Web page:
San Diego fights to decrease alcohol-related crimes
SAN DIEGO (KUSI) — Community members met Friday to get ideas on how to reduce DUI’s and alcohol-related incidents in San Diego.
They looked at what some of the cities in New Mexico, of all sates, did that have similar problems.
Many of the recent deadly traffic accidents in San Diego have involved alcohol.
But it’s not just deadly accidents.
"We have some of the highest violent crimes statistics and they are virtually all alcohol related crimes in our business district," said Scott Chipman, who has lived in Pacific Beach for 40 years.
On Friday, the Alcohol Police Panel of San Diego County, which is made up of community leaders, met to hear what several cities in New Mexico have done to successfully curb the problem of excessive drinking.
One of the initiatives that seems to have worked is increasing law enforcement operations to detect the over-serving of alcohol in bars and restaurants.
"When you have undercover enforcement it lets the retailer know that they’re being monitored, making sure they are not over serving their patrons and we really need that here," said Eric Collins, of the Alcohol Police Panel of San Diego County.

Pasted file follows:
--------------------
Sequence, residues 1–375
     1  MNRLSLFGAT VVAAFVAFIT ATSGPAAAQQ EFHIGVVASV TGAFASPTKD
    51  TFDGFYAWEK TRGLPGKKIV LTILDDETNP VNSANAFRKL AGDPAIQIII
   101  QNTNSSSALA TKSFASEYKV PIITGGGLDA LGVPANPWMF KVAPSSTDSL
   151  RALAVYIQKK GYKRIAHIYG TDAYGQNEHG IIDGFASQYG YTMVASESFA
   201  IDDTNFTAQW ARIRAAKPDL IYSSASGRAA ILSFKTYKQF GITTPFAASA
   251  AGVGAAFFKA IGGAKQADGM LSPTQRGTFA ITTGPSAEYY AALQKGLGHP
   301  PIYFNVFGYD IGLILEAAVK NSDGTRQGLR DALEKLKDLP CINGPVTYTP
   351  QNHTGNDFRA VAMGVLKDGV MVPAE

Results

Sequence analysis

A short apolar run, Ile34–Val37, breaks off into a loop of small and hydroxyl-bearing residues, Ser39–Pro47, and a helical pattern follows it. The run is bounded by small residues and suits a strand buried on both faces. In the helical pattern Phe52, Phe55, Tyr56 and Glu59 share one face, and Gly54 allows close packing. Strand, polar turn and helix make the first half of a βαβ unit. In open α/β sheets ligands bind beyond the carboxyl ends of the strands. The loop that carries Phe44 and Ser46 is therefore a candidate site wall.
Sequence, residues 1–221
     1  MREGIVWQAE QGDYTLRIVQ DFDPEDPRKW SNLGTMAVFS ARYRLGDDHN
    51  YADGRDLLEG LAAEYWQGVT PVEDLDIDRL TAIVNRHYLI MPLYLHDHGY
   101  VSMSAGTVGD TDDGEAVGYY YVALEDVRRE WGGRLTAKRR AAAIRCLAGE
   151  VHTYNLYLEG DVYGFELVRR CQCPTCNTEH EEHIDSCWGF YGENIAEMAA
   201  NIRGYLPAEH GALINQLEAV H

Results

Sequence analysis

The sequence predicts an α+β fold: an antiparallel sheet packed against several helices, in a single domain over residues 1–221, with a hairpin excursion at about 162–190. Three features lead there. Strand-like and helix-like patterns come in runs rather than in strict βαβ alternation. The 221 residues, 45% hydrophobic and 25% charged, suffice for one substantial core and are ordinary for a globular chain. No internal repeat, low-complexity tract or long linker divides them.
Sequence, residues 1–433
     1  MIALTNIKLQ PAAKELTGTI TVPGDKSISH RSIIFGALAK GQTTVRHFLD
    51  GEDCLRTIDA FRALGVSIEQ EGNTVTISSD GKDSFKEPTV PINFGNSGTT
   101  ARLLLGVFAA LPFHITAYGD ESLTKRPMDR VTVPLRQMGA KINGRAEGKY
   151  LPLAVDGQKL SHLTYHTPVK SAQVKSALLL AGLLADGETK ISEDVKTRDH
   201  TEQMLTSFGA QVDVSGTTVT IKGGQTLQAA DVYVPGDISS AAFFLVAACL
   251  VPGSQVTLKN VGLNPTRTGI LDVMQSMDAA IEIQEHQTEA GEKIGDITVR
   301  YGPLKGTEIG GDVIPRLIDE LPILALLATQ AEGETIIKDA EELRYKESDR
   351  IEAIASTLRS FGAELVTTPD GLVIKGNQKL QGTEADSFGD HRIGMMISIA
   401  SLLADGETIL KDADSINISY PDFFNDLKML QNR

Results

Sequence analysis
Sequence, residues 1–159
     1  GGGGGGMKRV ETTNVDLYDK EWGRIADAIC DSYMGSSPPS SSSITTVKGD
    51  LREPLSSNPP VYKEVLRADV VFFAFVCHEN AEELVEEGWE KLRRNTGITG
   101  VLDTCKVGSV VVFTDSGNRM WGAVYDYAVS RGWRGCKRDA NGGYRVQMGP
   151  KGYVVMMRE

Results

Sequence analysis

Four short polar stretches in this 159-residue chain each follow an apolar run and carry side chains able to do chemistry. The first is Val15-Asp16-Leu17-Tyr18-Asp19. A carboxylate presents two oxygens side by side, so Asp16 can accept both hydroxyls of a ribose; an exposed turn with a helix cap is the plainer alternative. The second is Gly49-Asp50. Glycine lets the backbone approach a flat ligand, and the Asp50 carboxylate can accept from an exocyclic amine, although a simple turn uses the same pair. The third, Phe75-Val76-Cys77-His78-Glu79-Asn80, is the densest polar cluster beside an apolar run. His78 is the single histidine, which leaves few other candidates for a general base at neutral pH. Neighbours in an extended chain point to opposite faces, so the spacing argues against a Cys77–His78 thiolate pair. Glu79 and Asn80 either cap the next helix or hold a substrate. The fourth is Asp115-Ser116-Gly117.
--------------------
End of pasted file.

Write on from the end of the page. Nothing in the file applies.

As we’ve reported, the concerns in Pacific Beach are well known.
"Communities like Pacific Beach come up because here are a large number of zip codes with in PB that are what we call ‘over-concentrated’ — too many alcohol licenses per census track," Collins said.
Why is this happening?
"Sometimes the ABC is allowing licenses even when it’s over concentrated. Sometimes, you have the city or planning board that believes a particular license will still benefit the community," Collins added. "What they’re doing in New Mexico is they’re doing these "municipal alcohol plans where they are being a little more mindful of how close alcohol retailers are next to each other.
"We need local control. that’s what we’ve been arguing for a decade or more," Chipman said.
And concerned community leaders say they will continue to take that argument to local law makers.
"We’re hopeful that our elected leaders will start looking at having a municipal alcohol plan and work with the community a little bit more," Collins said.